Lovingly called by his friends as Kohinoor for his ability to mimic almost everything under the sky, Ghulam Mohidin Raina has mastered hundreds of voices that he can reproduce easily. Umer Beigh listens to some of the voices that Raina mimics.
Of his fourteen years experience in an age-old art of mimicry, he has learnt above 1400 voices of different animals, insects, birds, machines, musical instruments and women.
Ghulam Mohidin Raina aka ‘Kohinoor-Raina’, a 23-year-old resident of Ganderbal district is a talented amuser who knows how to imitate others and entertain people.
Raina, who works with state’s tourism department on contractual basis, amuses foreign and local tourists with his mimicry.
In order to have a secure future, Raina is doing a diploma degree from a college in Srinagar. He is famous among his college friends for his skills to imitate almost every voice he hears.
Raina wants to master the art of mimicry so that his name gets listed in ‘Guinness Book of World Records’. But for that he needs better platforms and exposure which according to him is missing in the state. He says, he will be more than happy if he finds a place in Hollywood or Bollywood.
Last year, during ‘Sonzal’ festival, held at Kashmir University, in which 58 different colleges participated, he won first prize for stage-mimicry and second in acting.
“As a small kid I never knew I can produce 1400 voices. But what I definitely knew was that I am destined to become famous,” he says.
He first tried to mimic when he was just 8. “I think I did well. But my parents didn’t approve my talent at first. They thought it will only distract me from my studies,” he said.
As a kid Raina would sit along in his room and rehearse for hours. His parents got worried as Raina confined himself to his room most of the time. “They though I have lost my mind. It was really difficult to make them understand that I am all right,” he recalls.
But once his name and photograph appeared in a local newspaper, he became famous among friends and relatives and everything changed. “At that time I could produce just 103 voices,” he said.
But his father was still reluctant to let Raina follow his heart. It all changed when Raina’s talent was appreciated in an all India competition. “After the competition, my father did not stop me at all,” he remembers.
Few years ago, he did three programs for Srinagar Doordarshan: Bachu Ki Doniya, Aloha, Poshe Waer.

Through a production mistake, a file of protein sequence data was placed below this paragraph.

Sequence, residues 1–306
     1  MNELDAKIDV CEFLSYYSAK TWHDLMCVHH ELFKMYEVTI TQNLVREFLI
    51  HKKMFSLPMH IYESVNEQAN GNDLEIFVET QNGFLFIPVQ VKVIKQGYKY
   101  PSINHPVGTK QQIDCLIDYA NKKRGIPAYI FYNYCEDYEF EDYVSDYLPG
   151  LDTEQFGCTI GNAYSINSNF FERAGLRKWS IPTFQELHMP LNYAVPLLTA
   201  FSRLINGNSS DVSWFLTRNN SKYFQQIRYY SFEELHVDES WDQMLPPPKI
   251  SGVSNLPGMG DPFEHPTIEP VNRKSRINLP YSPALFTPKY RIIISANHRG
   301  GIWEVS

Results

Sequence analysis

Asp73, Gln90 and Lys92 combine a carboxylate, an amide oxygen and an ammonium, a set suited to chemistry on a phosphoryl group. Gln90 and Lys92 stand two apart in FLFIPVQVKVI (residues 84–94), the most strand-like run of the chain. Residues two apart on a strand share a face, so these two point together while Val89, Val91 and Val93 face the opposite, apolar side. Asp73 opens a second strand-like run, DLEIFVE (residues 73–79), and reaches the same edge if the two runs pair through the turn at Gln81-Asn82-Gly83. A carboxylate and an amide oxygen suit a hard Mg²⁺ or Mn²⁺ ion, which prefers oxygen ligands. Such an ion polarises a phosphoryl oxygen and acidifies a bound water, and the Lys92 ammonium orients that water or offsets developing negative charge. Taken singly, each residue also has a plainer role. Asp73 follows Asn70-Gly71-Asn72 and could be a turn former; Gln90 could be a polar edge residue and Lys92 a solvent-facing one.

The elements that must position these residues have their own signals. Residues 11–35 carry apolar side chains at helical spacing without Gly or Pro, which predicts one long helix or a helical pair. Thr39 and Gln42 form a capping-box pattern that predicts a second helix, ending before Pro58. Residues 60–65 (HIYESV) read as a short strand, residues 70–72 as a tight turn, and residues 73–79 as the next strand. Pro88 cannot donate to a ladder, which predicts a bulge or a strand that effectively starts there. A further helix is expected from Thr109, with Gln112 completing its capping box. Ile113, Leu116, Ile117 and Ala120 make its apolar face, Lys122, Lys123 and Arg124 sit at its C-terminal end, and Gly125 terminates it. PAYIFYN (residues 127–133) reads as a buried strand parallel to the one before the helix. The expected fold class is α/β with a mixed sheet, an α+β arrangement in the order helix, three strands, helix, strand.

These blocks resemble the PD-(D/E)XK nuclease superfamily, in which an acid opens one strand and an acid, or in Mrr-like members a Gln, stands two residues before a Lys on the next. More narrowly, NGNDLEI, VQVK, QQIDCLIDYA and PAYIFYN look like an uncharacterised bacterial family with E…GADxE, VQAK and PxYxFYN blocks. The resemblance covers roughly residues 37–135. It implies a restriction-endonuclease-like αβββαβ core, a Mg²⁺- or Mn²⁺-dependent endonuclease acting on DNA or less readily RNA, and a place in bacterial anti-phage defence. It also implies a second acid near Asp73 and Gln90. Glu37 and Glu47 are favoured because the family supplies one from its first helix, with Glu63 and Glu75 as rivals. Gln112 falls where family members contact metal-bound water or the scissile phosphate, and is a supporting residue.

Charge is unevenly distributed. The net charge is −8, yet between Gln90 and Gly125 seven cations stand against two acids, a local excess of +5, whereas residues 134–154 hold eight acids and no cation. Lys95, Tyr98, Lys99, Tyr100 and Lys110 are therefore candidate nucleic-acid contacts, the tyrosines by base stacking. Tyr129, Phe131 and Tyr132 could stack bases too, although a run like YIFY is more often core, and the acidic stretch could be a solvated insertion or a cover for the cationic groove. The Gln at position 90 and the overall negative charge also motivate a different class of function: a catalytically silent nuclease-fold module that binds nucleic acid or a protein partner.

Raina claims that he was approached by a number of New Delhi based television channels to appear in their programmes.
When asked how he manages to remembers 1400 voices, he says, “I always used to write down all new voices that I self discovered with time. The number only increased with time,” he says.
Raina can produce sound of flute, dog’s howling, sea-goat, fox and tiger. “I don’t know whether it makes sense or not. But I can even sing using different voices,” he claims.
Raina was in 3rd standard when he successfully imitated a lamb voice, “For days I kept imitating his voice. I found it interesting to copy and communicate such voices with my friends,” he says.
Since then he has won almost every event he has participated in. “In that brief spell I was continuously adding more voices to my vocabulary. It was just 37 voices at the beginning, then I practiced more and the count reached to 103 and at present it is around 1400,” he says.
Raina, a known face in his area, met chief minister Omar Abdullah in 2011. “Once he saw my awards and other documents he appreciated my talent. He told me to submit my documents with Sheikh Ghulam Rasool, retired chief secretary who was sitting next to him,” he says.
But few days later when Raina went to submit his documents, Rasool told him that chief minister is not-approachable, he cannot take his documents.
After that Raina wrote a letter to Prime Minister for help. “I wrote to him but till now I haven’t got any response from him as well,” he says.